Pursuant to E.O. 14086, several departmental actions followed. First, the Department of Justice (DOJ) issued a regulation establishing the DPRC as the second level of the two-level independent redress mechanism for Europeans with complaints regarding U.S. intelligence agencies’ access to or use of personal data (the first level being Civil Liberties Protection Officers (CLPOs)). Next, on June 30, 2023, Attorney General Merrick Garland designated the EU and Iceland, Liechtenstein, and Norway (collectively the European Economic Area) as “qualifying states” for the purposes of individual’s filing “qualifying complaints” alleging certain violations of law by U.S. intelligence agencies. Finally, on July 3, 2023, the Office of the Director of National Intelligence (ODNI) confirmed that the U.S. intelligence community had adopted updated policies and procedures to limit access to EU personal data unless it is necessary and proportionate to protect a specific national security interest. On the same day, Secretary of Commerce Gina Raimondo issued a statement confirming that, through E.O. 14086, the departmental actions taken pursuant to it, and the updated EU-U.S. Data Privacy Framework Principles, the U.S. had fully implemented the agreed-upon privacy and civil liberty safeguards and had therefore fulfilled its commitments under the EU-U.S. DPF, paving the way for the EC to issue an adequacy decision. One week later on July 10, 2023, the EC adopted its adequacy decision, bringing the Privacy Framework into force.
The New Privacy Framework
In order to rely on the EU-U.S. DPF for personal data transfers from the EU, an organization must self-certify its adherence to the EU-U.S. DPF Principles issued by the DOC. To be eligible to self-certify, companies must be subject to the jurisdiction of the Federal Trade Commission (FTC), the U.S. Department of Transportation (DOT), or another statutory body that will ensure compliance with the Principles. Re-certification must be completed at least annually. The DOC maintains a publicly available list of certified organizations. An organization may be removed from the list if it fails to re-certify annually, if it persistently fails to comply with the Principles, or if it requests to withdraw from the program.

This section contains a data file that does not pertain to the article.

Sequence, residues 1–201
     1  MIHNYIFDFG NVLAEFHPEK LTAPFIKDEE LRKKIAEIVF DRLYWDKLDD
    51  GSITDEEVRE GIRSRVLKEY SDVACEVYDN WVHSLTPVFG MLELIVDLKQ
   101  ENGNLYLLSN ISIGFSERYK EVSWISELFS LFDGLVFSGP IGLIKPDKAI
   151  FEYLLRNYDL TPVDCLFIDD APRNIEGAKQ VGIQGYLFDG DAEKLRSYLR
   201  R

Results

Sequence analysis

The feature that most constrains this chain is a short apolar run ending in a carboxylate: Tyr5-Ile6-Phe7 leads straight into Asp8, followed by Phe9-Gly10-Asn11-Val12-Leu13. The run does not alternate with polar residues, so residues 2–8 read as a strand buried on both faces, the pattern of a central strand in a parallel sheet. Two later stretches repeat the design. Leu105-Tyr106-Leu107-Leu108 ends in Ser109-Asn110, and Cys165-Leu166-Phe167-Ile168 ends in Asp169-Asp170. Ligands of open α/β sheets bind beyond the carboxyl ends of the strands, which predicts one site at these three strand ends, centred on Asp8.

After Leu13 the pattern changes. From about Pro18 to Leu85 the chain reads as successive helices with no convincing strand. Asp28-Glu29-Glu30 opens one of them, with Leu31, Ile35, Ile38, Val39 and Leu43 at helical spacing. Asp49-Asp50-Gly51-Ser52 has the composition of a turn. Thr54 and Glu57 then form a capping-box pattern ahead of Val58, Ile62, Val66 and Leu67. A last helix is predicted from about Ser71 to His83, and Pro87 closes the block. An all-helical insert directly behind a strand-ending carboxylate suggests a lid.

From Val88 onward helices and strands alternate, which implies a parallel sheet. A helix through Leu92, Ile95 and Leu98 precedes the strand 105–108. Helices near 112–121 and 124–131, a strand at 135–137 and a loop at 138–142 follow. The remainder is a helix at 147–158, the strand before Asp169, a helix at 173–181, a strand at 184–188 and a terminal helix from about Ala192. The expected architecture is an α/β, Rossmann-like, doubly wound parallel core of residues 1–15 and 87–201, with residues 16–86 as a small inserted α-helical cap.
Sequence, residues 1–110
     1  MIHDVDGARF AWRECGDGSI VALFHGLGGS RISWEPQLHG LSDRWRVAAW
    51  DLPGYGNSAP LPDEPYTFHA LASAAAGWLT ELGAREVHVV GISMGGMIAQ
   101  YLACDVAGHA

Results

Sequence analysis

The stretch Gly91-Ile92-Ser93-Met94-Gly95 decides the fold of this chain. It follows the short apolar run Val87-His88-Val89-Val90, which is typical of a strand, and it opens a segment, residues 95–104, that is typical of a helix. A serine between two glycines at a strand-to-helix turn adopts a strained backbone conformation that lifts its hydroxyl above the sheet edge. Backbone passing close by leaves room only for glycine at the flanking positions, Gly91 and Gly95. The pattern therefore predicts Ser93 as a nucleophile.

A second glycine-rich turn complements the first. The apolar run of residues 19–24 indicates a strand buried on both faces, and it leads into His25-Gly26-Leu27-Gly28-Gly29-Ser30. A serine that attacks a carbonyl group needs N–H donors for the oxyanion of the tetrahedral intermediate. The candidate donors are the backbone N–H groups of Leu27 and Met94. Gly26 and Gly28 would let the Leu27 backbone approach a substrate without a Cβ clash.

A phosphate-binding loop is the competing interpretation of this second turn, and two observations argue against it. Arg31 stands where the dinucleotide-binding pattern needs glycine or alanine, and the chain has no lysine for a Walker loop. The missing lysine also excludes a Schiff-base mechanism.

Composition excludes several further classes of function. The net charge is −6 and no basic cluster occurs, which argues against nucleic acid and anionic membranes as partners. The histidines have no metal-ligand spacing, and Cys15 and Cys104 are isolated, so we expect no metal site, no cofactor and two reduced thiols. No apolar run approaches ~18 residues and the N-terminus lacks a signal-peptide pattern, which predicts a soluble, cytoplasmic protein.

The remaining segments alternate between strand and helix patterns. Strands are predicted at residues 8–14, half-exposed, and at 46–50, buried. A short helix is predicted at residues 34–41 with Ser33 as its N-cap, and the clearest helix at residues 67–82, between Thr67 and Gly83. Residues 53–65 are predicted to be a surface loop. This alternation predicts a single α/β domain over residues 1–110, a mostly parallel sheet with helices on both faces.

While the privacy obligations and procedures for U.S. companies under EU-U.S. DPF are generally the same as those under Privacy Shield, the adequacy decision nonetheless has implications that may require immediate or near-term action.
- Who Can Certify, and How?
With the new framework in force and Privacy Shield fully defunct, whether a company needs to take action will be determined by whether a company was previously self-certified under Privacy Shield and whether a company would like to self-certify under the new framework.
- Companies who previously self-certified under the Privacy Shield and do not wish to participate in the EU-U.S. DPF must follow the procedure for withdrawal referred to in Section III.6.f of the Principles. Companies must notify the DOC in advance and indicate what the company will do with the personal data that it received in reliance on the EU-U.S. DPF or prior privacy framework (e., retain, return, or delete the data; if retaining the data, specifying an alternative authorized mechanism for protecting the data is required).
The EU-U.S. DPF website went live on July 17 and enables U.S. companies to complete initial certification and re-certification submissions, as well as access resources and receive program updates. The new website will also be a source of information for the UK Extension to the EU-U.S. DPF and Swiss-U.S. DPF, both of which are pending adequacy decisions from their respective national authorities and therefore cannot yet be relied upon for data transfers. The website replaces the resources and functionality previously available through the Privacy Shield website, which was taken offline on July 14.
- Companies have several additional obligations under the EU-U.S. DPF Principles.
While the Privacy Shield Principles and EU-U.S. DPF Principles are generally the same, there some specific differences that companies should be aware of.
First, unlike under the Privacy Shield, a transfer of key-coded medical or pharmaceutical research data that is considered personal data under EU law is now covered by the EU-U.S. DPF Principles, even if only the researcher holds the “key” to the dataset.